Seasonal Affective Disorder (Cabin Fever): Symptoms, Causes, and Treatment Options
Many people experience short time periods where they're feeling not quite like themselves or maybe a little sad. In some cases, these changes in mood start and end with the change of the seasons. They might begin feeling "down" as the days become shorter in autumn and winter, but start feeling better again come springtime when the daylight hours are longer. Sometimes, these changes in mood are more serious and have an impact on how they think, feel, and handle day-to-day activities.
As a sleep-care professional, if a patient tells you they notice substantial mood and behavior changes when the seasons change, they might be struggling with a type of depression known as seasonal affective disorder, or SAD.
What is Seasonal Affective Disorder (SAD)?
SAD, as mentioned, is a form of depression related to the changing seasons. It starts and ends at approximately the same times each year. In addition, most individuals with this condition, which is sometimes referred to as cabin fever or the winter blues, notice their symptoms start in the fall and continue through the winter months. Some people, although not as common, can develop SAD-related depression in the springtime or early summertime.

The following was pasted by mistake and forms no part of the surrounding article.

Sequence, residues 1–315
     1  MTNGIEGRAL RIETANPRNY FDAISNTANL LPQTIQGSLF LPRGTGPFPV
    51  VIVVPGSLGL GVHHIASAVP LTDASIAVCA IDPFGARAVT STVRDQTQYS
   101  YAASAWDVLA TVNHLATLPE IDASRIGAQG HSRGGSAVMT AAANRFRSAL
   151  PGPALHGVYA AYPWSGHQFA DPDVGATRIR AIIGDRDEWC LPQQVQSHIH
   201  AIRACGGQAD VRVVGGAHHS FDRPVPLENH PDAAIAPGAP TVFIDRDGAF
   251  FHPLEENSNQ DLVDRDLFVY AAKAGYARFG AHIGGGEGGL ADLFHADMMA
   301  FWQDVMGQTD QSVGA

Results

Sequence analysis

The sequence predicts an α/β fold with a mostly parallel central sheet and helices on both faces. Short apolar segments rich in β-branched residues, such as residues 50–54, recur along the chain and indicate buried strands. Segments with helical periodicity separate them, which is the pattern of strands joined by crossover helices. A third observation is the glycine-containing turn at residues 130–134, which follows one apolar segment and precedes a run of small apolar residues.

SAD is more common in young people, women, and people living far from the equator. People who are most likely to have this condition if one or more of their family members experiences depression.
Seasonal Affective Disorder Symptoms
Often, symptoms of seasonal affective disorder appear in the late fall/early winter and ease up during the spring and summer's sunnier days. Those who experience the opposite pattern, experience symptoms that start in the springtime or summertime. Either way, symptoms might begin mild and become more severe with the progression of the season.
1. SAD Symptoms in General
General seasonal affective disorder symptoms might include:
- Having low energy
- Experiencing depression most of the day, almost every day
- Feeling agitated or sluggish
- Having issues with sleep
- Displaying moodiness
- Feeling worthless, hopeless or guilty
- Having problems concentrating
- Losing interest in activities previously enjoyed